Trip to Caldwell

Yesterday I set out to take Mom to Idaho to attend her sister Dorma Lee Beckley Nelson’s funeral. Even though Mom is in her 90th year and lives in a care center, my sisters and I felt that she really needed to go to Idaho to the funeral, because of all her 4 sisters she was probably the one she was closest to. Her husband Grant and my Dad were carpenters who followed each other to different locations to find ¬†work. As I grew up I spent many holidays and vacations with my Aunt Dorma and her family. I don’t believe I have known a more saintly lady. Dorma is my Mother’s youngest sister and so she really did not expect to live longer than Dorma so it was a shock.

The plan was to drive with her to Hermiston, Oregon where my baby sister Jonette lives and after a night’s rest, to continue on to Caldwell Idaho.

We left Bothell about 1:15pm expecting a leisurely 4 hour (250 mile) drive and a nice pork roast dinner at 5:30, but were we ever disappointed. As we headed over the pass I turned on the traffic advisory radio to learn that a snow slide had stopped East bound traffic so we should expect an hour delay.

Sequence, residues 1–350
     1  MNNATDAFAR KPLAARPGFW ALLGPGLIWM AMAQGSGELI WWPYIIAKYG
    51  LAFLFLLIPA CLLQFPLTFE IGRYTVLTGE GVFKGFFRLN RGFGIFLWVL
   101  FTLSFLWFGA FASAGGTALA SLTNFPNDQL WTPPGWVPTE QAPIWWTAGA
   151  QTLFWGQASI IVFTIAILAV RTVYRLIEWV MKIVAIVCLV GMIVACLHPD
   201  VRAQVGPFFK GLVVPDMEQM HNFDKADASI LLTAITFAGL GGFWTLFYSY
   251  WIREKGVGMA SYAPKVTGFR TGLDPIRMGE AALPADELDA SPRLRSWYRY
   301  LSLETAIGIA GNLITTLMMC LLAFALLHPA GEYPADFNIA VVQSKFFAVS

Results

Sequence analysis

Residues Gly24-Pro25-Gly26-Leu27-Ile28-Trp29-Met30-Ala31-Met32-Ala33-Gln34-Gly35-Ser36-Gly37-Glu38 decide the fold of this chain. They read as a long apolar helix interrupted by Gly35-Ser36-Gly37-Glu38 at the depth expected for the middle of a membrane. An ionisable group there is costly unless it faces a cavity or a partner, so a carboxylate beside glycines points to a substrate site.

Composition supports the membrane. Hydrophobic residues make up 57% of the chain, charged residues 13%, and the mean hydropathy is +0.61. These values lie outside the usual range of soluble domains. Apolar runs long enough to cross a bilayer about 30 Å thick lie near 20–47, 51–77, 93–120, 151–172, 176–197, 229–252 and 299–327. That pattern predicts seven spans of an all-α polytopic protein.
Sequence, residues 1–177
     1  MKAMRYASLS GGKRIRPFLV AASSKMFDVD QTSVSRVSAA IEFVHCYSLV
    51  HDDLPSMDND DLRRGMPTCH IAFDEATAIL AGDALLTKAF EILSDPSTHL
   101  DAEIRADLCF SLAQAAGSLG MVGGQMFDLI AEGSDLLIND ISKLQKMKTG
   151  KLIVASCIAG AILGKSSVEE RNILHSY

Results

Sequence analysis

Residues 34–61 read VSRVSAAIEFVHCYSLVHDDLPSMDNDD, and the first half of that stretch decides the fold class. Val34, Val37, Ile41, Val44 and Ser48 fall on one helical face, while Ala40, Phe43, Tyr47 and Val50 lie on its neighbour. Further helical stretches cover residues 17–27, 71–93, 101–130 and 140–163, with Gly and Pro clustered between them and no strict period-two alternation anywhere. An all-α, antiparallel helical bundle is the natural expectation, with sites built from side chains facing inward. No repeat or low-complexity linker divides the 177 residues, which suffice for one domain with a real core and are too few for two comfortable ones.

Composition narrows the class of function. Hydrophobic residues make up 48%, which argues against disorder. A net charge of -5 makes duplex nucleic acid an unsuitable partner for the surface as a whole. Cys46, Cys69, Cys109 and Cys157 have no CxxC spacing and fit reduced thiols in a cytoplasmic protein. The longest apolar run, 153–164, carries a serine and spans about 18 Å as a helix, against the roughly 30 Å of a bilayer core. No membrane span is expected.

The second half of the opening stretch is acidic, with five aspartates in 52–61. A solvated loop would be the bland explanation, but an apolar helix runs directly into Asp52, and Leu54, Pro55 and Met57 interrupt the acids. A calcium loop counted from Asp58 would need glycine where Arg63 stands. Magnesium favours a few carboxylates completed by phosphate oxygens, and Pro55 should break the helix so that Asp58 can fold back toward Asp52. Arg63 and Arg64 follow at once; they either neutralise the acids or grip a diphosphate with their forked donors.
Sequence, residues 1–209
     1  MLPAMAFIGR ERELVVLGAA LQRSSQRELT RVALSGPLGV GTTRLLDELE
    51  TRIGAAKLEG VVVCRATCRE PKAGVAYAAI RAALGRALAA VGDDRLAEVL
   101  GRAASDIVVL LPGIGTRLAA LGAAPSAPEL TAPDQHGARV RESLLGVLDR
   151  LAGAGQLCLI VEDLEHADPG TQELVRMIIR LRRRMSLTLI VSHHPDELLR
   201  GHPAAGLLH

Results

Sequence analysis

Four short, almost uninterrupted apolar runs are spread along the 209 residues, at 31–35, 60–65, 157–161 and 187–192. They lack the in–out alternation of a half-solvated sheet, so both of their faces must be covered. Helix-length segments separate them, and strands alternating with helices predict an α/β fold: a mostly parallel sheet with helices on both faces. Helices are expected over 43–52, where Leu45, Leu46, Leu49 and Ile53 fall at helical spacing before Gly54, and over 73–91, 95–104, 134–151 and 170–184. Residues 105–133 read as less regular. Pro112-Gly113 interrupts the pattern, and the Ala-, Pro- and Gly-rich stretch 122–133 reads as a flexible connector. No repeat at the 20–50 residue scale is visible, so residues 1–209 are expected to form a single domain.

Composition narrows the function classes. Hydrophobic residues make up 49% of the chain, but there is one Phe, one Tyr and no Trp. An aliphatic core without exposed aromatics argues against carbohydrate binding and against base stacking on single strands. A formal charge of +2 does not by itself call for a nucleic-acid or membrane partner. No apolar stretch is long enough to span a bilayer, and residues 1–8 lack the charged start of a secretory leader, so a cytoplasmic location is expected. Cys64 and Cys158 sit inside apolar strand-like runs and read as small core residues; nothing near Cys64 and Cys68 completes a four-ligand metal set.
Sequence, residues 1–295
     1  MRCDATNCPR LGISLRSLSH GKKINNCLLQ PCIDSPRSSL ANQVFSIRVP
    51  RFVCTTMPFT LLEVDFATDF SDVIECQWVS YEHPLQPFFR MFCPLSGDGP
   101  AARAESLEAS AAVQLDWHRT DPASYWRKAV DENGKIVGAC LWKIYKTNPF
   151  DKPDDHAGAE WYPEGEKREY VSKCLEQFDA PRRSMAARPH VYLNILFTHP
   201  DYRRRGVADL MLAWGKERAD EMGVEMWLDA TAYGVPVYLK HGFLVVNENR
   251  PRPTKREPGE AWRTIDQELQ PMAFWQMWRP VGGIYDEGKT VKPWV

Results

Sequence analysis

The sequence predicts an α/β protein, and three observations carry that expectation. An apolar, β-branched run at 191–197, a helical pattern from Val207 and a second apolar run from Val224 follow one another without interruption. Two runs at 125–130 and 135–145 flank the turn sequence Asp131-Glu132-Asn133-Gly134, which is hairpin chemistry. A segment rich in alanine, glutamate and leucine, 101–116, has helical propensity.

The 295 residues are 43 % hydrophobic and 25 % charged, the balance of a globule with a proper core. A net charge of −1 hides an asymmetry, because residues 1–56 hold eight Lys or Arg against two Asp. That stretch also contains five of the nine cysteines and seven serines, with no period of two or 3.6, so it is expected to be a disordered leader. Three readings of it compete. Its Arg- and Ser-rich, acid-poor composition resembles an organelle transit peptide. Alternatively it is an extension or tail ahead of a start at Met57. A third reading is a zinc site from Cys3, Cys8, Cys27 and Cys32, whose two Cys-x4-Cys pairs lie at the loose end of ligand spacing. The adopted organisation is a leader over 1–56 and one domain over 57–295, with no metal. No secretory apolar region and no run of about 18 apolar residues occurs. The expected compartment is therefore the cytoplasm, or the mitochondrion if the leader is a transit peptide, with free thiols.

While we waited, I wrote a couple blog posts, reading sections to her as I completed them, ¬†after several hours Mom said, “I wish you would stop typing so we could go.” I explained that the cars were in the way or I would have gone sooner. “Can’t you back up she insisted?”

At 6:15 pm we finally started moving again. At Cle Elum we stopped for a pizza where Mom used the restroom. After a long wait she finally opened the door but I found that she had fallen and needed help to get up. The restroom was not handicap equipped. When I complained to the owner he said “oh that is not the handicap restroom it is around the corner.” I was more than a little miffed. I said, “Well it is lucky for you that she was not seriously hurt. You watched her get out of her wheel chair and go into this bathroom. You said nothing and there is no sign to indicate that there is another restroom to choose from. You need a sign letting people know that a handicap restroom exists elsewhere. I assumed, since it is a single restroom for both men and women, it was the only one and it would be handicap equipped.”

We arrived at a quarter to 10 pm. After Jonette helped her get in bed, Mom asked to talk to me. When I went in to see what she wanted, I learned, she just wanted to kiss and hug me to thank me for bringing her to visit Jonette. She may be forgetful but she never forgets to be grateful.

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